Mr. L was stopped in traffic on I-75/85 in downtown Atlanta when the driver of a car behind him crashed into him. He suffered a herniated disc in his lower back at L5-S1 in the wreck and required two discectomy surgeries. When the insurance company for the other driver denied causing Mr. L’s injuries, we took the case to court and won a $250,000 verdict for him.

THE WRECK

Mr. L was in Atlanta for business and had just left to drive home to Charlotte. He was driving on The Connector and stopped his car due to traffic ahead of him when he was rear-ended by another driver. The force of the wreck caused Mr. L’s car to strike a third car ahead of him and that third car to strike a fourth car ahead of it.

INJURIES & SURGERIES

Mr. L initially didn’t think he was hurt so he got a rental car and drove home to Charlotte. On the drive home, his back started tightening up and when he woke up the next morning it felt even worse, so he went to his primary care doctor. He saw his primary care doctor several times over the next several weeks. When he continued having back pain, his primary care doctor referred him to an orthopedist.

Approximately five weeks after the wreck, Mr. L’s back pain began going down into his buttock and leg and he also began having numbness in his foot. Since those are signs of a herniated disc, the orthopedist ordered an MRI, which showed a large herniated disc in Mr. L’s lower back at L5-S1. The orthopedist recommended surgery due to the size of the herniated disc. Mr. L had a discectomy surgery, which is where the doctor cuts open your back to reveal the spinal cord and cuts out the herniated disc.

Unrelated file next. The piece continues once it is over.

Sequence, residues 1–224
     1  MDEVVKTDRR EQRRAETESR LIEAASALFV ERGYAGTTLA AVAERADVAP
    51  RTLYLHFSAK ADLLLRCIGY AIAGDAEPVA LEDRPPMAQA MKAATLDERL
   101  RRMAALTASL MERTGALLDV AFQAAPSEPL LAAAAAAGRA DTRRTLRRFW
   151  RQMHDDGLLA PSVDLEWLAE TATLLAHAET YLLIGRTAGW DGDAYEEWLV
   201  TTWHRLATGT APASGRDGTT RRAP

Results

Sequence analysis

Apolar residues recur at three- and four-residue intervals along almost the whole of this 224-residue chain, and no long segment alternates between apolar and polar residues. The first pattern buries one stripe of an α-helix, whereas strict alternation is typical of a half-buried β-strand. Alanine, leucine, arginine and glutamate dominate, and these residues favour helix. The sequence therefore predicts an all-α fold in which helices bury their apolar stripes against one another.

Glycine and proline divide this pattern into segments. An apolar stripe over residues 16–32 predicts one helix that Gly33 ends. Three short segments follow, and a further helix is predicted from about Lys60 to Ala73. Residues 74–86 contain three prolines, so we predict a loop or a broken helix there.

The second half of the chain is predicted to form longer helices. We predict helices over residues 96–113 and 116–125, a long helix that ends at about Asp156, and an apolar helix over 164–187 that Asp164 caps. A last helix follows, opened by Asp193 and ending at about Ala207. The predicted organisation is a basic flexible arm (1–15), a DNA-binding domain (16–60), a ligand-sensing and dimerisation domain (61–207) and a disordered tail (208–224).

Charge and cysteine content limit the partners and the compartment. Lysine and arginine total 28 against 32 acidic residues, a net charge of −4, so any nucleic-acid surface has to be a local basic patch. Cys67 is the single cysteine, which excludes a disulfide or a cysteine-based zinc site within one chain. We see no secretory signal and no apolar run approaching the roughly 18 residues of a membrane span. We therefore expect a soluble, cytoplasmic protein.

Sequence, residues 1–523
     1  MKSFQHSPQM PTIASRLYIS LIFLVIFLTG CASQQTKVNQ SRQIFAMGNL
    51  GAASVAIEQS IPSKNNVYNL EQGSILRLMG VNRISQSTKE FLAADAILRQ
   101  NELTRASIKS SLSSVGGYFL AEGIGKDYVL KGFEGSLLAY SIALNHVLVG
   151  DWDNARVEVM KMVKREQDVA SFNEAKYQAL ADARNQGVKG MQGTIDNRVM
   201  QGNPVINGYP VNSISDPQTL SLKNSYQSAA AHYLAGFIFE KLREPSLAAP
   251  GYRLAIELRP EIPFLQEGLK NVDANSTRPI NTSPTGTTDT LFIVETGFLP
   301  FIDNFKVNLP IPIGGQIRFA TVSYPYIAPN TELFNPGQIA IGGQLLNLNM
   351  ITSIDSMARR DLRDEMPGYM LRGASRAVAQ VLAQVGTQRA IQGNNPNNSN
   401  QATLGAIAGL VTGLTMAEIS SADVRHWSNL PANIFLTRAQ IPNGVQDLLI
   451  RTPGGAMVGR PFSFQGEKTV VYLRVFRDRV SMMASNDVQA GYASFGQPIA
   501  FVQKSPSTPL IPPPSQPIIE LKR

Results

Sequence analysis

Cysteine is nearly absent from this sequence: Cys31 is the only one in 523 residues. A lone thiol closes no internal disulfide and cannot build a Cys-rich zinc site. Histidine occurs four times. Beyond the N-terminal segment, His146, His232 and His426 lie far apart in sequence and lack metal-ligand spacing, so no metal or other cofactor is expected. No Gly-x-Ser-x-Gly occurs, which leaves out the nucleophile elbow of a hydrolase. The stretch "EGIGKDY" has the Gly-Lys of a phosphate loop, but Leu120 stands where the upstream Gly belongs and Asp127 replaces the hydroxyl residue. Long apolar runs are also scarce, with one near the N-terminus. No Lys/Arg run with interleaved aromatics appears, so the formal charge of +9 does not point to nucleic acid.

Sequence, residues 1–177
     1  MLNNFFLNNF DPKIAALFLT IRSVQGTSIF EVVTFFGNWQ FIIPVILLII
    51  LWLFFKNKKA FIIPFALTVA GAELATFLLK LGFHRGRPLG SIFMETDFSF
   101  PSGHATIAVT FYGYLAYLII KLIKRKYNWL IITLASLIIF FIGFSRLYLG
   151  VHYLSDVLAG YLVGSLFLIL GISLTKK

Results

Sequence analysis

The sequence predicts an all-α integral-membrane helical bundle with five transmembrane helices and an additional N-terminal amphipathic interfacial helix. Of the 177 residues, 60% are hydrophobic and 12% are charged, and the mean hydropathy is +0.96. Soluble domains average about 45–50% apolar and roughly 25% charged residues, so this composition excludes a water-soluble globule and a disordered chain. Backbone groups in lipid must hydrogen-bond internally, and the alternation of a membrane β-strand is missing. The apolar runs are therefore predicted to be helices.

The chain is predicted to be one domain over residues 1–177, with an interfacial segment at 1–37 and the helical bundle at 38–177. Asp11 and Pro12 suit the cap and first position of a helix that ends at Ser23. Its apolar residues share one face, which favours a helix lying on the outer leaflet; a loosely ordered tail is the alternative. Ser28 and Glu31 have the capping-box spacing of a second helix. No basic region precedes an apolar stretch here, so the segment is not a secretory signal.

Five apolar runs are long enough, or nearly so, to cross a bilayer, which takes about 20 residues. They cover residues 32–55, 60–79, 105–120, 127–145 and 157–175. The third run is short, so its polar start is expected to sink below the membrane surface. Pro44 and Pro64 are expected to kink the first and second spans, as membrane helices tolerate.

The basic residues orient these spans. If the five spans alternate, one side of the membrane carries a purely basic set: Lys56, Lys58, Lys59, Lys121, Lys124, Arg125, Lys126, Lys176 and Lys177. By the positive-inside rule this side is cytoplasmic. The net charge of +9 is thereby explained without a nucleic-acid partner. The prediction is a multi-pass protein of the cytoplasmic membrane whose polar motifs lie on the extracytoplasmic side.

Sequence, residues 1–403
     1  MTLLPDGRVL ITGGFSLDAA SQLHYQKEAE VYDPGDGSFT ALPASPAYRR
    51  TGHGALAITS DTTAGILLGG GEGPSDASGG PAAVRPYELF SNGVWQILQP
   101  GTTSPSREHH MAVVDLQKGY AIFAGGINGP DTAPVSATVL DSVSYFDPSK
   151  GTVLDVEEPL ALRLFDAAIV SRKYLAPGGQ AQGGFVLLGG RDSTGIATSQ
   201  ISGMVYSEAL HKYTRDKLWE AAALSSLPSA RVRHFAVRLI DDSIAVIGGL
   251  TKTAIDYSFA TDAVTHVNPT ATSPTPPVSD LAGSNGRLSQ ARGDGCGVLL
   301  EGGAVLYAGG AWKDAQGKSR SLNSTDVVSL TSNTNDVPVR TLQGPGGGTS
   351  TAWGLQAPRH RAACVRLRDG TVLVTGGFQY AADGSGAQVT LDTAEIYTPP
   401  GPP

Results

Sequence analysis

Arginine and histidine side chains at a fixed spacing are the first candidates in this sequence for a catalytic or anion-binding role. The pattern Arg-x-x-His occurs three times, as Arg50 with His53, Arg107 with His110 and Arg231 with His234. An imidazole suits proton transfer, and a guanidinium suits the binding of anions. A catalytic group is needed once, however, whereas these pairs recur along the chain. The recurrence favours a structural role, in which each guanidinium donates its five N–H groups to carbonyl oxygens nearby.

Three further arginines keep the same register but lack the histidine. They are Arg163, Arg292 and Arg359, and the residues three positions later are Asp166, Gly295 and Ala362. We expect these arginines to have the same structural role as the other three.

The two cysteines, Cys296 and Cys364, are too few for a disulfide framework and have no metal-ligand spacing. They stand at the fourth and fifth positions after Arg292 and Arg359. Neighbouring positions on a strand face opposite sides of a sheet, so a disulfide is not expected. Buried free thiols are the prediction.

Over the next several years Mr. L continued to have back pain. He tried physical therapy, chiropractic treatment and then epidurals and while they would all help for a little bit, his back pain always came back.  His orthopedist ultimately ordered another MRI, which showed that the same disc in his back had herniated again. The orthopedist recommended that Mr. L have another discectomy surgery to remove the herniated disc and Mr. L decided to have the surgery.

Thankfully, our client has been doing much better since the second surgery. While he still has symptoms, they are much less than they used to be.

LAWSUIT & TRIAL

The insurance company initially denied Mr. L’s claim, so we filed suit. While the defense admitted responsibility for the wreck, they argued that since Mr. L didn’t begin having the signs of a herniated disc – pain radiating from his back into his buttock and leg – until several weeks after the wreck, that the herniated disc must have been caused by something other than the car wreck.

When the insurance company refused to admit the wreck injured Mr. L and also refused to make a fair settlement offer, we took the case to trial.

To prove the wreck caused the herniated disc, BBGA attorney Michael Ruppersburg showed the jury that Mr. L went to the doctor the day after the wreck with back pain and had back pain every doctor visit for two months after the wreck. Mr. L’s orthopedic surgeon also testified that car wrecks can cause herniated discs, that people with herniated discs can have a delay in pain radiating into their buttock and leg and that it was his opinion the wreck caused the herniated disc.

The trial took two days and after several hours of deliberation the jury returned a $250,000 verdict in favor of Mr. L.

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